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The astounding rate of advance in chemistry


Patterns of the invisible
Norman Greenwood Scientist
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So there was a lot of work on the teaching of chemistry at that stage. And, in fact, the inaugural lecture that I gave which was called, if I remember correctly, ‘Patterns of the Invisible: the Shape of Atoms and Molecules’. What I used as the theme there was, atoms and molecules are so small that we cannot actually see them. How can we talk about their shapes? How do we know anything about their shapes? So I went through the various spectroscopic techniques and I had a lot of demonstrations where one had a Perkin Elmer infrared spectrometer and as it went through it absorbed some... it dipped like that – I had a little light on the cursor. So that was a good experience of giving an inaugural lecture.

Norman Greenwood (1925-2012) was born in Australia and graduated from Melbourne University before going to Cambridge. His wide-ranging research in inorganic and structural chemistry made major advances in the chemistry of boron hydrides and other main-group element compounds. He also pioneered the application of Mössbauer spectroscopy to problems in chemistry. He was a prolific writer and inspirational lecturer on chemical and educational themes, and held numerous visiting professorships throughout the world.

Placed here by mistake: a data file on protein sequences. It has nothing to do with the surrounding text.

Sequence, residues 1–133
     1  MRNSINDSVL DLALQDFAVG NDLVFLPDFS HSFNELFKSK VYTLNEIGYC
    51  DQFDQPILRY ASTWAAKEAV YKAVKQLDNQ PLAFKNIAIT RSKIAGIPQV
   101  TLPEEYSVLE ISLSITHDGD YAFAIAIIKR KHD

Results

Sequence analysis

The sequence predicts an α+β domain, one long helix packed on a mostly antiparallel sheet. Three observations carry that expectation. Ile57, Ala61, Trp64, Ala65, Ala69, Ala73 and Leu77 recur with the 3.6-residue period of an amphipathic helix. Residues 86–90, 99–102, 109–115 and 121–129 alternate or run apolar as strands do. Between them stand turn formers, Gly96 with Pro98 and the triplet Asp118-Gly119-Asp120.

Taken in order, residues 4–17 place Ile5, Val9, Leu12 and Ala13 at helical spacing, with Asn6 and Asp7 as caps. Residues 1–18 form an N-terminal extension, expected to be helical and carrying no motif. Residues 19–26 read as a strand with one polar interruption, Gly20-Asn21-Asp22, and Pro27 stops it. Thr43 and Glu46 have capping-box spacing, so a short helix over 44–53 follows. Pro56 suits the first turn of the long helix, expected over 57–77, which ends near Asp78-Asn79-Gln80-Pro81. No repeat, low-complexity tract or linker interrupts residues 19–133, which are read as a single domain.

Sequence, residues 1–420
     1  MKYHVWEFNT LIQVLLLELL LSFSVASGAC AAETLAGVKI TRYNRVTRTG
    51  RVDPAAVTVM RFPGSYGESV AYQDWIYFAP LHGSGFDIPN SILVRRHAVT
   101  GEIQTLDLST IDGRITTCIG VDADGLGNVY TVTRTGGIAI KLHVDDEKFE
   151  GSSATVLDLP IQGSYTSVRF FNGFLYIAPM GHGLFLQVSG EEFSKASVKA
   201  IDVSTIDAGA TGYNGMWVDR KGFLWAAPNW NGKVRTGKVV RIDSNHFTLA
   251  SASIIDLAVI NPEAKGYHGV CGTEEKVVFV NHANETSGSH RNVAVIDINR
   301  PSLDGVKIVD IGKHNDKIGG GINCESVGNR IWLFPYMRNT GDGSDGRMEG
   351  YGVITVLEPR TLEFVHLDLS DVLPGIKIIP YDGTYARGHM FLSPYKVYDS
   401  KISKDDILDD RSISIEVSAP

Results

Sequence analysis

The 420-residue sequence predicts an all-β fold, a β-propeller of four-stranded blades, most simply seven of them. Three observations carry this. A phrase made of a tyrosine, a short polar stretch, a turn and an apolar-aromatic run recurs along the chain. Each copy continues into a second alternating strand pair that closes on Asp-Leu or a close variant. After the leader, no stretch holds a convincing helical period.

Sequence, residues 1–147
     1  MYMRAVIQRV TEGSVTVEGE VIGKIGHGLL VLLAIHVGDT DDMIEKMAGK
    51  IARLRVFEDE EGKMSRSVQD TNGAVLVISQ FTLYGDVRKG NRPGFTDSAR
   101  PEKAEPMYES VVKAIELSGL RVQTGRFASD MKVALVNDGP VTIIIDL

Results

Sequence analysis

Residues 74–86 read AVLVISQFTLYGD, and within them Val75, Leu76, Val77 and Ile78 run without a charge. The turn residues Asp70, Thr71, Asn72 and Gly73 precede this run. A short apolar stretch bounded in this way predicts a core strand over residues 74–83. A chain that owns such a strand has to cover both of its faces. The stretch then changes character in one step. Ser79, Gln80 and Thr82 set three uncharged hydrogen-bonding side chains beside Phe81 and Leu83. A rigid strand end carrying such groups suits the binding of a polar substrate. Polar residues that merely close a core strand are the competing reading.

Listeners: Brian Johnson

Professor Brian FG Johnson FRS, FRSE, FRS Chem, FAcad Eu, FAS. Professor of Inorganic Chemistry University of Edinburgh 1991-1995, Professor of Inorganic Chemistry University of Cambridge 1995-2005, Master Fitzwilliam College Cambridge 1999-2005. Research interests include studies of transition metal carbonyls, organometallic chemistry, nano- particles and homogeneous catalysis. Professor Johnson is the author of over 1000 research articles and papers.

Tags: spectroscopy, Perkin-Elmer 21 Infrared Spectrometer

Duration: 59 seconds

Date story recorded: May 2011

Date story went live: 25 November 2011